Vaughn's right foot had misguided five field goals three weeks ago in a three-point loss at LSU, all of them from more than 40 yards out. After that heartbreaker in Baton Rouge, the first words from his dad were, "Hit a game-winner against Georgia or Alabama and you won't even remember this."

Here was that pep-talk prophecy come to life. And this time, fate and the Auburn offense were kinder to the kicker, setting him up with a 20-yard chippie.

"Of course, things flash through your head, thinking back to the LSU game," Tuberville admitted. "But there's no way he was going to miss that one."

Vaughn didn't have that flashback. Wouldn't allow it. His thought process coming in:

"Be on a mission. Be aggressive, aim for the heart and drill it as far down the middle as you possibly can."

He drilled it deep into Georgia's gut, as Auburn became just the second team to score more than 30 points on a Richt-coached Bulldogs team. Then Vaughn turned and threw his right fist into the air, releasing three weeks of pent-up feelings.

"I don't even know [what I was thinking], really," Vaughn said. "I was kind of like, 'What did I just do?' It was probably the happiest feeling I've ever had."

It touched off a raucous postgame celebration for the blue-and-orange minority in beautiful Sanford Stadium. The Auburn players ran to their fans to celebrate, then strutted off the field woofing.

"Respect the Auburn Tigers!" Dede shouted.

Disrespect came flying down out of the stands as the Tigers walked past the Georgia band. A plastic Diet Coke bottle, about one-third full, somersaulted past Auburn punter Kody Bliss' head. He picked it up, unscrewed the cap, took a swig and threw it back, cap off, Diet Coke splashing out.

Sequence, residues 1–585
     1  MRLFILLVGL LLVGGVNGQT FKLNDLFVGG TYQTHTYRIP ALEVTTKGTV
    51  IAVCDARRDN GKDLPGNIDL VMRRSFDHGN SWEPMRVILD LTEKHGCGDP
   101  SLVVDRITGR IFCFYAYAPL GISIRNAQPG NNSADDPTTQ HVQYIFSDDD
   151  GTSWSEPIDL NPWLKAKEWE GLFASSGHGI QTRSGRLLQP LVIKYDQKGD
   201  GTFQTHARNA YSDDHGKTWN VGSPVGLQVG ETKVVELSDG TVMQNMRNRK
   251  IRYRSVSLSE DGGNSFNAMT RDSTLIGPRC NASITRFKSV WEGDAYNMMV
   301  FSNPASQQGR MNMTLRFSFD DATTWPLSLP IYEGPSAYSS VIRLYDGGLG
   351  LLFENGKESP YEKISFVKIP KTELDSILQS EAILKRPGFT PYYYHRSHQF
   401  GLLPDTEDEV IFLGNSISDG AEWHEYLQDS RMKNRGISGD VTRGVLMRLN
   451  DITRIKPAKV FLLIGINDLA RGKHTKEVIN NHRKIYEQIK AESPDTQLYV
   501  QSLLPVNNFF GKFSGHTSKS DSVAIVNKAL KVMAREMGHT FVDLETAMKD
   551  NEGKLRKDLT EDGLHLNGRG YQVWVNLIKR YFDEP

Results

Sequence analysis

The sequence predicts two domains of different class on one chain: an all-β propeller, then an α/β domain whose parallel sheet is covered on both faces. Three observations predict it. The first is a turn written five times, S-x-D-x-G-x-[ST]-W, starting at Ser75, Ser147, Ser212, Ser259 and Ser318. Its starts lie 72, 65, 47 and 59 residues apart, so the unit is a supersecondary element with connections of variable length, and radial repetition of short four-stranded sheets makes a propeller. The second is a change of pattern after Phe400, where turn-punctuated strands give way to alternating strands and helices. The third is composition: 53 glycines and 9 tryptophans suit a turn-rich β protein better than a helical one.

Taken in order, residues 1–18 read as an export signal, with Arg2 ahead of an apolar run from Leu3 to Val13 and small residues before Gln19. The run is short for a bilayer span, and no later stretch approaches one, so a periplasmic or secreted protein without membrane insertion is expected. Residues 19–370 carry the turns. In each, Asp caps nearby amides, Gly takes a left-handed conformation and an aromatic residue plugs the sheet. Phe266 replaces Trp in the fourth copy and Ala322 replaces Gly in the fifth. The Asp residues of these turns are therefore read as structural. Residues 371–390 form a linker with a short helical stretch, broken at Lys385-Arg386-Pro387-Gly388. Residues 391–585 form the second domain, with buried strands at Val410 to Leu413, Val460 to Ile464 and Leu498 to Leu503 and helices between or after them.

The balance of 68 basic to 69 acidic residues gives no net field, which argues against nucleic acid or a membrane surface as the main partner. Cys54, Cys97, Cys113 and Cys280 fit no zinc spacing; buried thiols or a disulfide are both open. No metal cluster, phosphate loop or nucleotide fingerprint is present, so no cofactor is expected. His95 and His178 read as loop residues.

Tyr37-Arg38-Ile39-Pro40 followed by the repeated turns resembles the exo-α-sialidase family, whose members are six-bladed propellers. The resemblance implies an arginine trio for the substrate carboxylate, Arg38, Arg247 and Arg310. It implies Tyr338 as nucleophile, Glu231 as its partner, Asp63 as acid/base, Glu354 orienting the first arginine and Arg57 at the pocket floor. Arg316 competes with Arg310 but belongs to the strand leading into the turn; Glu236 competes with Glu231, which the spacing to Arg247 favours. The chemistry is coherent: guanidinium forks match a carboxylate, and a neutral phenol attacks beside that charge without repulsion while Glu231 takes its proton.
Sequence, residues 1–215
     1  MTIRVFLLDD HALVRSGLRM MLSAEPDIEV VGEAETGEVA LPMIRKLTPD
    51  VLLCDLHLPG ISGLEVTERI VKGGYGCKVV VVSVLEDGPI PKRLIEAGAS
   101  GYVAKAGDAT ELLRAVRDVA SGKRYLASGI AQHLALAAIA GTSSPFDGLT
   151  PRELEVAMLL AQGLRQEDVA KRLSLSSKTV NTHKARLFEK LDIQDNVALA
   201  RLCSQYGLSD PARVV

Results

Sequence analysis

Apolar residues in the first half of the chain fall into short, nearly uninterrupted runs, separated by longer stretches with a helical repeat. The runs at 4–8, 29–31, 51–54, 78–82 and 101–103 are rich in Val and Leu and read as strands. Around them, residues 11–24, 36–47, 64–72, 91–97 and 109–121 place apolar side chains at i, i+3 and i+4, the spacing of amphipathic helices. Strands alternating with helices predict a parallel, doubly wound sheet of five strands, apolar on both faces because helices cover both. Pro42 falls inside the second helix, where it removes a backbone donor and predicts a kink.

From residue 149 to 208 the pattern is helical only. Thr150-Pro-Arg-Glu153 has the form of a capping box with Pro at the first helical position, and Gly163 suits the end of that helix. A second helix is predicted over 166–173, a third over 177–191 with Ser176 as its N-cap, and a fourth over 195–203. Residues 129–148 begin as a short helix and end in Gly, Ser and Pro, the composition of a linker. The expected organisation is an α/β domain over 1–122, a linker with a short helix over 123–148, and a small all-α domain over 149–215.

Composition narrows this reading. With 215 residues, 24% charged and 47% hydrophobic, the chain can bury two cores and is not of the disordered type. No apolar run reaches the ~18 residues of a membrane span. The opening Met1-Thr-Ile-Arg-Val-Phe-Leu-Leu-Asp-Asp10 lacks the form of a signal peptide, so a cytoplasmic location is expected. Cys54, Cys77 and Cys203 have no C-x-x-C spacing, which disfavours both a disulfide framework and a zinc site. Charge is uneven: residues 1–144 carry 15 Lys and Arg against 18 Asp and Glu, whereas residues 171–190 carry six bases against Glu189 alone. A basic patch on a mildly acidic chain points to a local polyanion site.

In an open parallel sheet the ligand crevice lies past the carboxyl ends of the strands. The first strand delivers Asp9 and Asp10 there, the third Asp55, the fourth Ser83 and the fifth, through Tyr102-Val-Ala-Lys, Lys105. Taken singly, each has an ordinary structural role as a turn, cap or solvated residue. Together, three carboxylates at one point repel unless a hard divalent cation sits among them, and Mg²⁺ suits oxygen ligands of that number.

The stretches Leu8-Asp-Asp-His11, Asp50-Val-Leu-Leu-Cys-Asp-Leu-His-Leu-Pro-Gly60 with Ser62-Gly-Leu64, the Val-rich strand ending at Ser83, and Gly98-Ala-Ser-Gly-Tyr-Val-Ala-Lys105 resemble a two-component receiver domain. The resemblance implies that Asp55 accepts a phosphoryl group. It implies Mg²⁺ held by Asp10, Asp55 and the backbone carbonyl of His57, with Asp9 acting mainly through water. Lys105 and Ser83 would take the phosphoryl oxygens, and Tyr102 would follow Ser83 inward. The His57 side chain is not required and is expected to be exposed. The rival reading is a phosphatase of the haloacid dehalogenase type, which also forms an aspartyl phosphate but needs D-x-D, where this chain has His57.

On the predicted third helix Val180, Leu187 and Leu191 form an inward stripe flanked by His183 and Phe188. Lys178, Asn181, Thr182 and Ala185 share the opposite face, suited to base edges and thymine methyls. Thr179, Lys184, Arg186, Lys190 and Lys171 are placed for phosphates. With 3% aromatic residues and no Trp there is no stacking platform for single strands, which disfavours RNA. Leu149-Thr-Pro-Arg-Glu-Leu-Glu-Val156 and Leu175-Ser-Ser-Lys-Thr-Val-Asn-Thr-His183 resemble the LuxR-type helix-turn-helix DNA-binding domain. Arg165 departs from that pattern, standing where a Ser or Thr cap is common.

The Bulldogs band and dance squad booed. The Auburn players smiled and held their hands to their ears. Down here in the South, where they care more than anywhere else, the emotions were raw and exposed.

Thus it was a slack-jawed exiting crowd of Georgia fans, who saw their hopes for a BCS bowl take a hard hit. At least the Bulldogs no longer have the Gators hot on their heels for the East crown, thanks to South Carolina's upset of Florida. Georgia needs only to beat Kentucky here Saturday to advance to its third SEC title game in the past four years.

That prompted one angry fan to find a silver lining. On the way out of the stadium he shouted five words never, ever before heard between the hedges:

"I love you Steve Spurrier!"

Pat Forde is a senior writer for ESPN.com. He can be reached at ESPN4D@aol.com.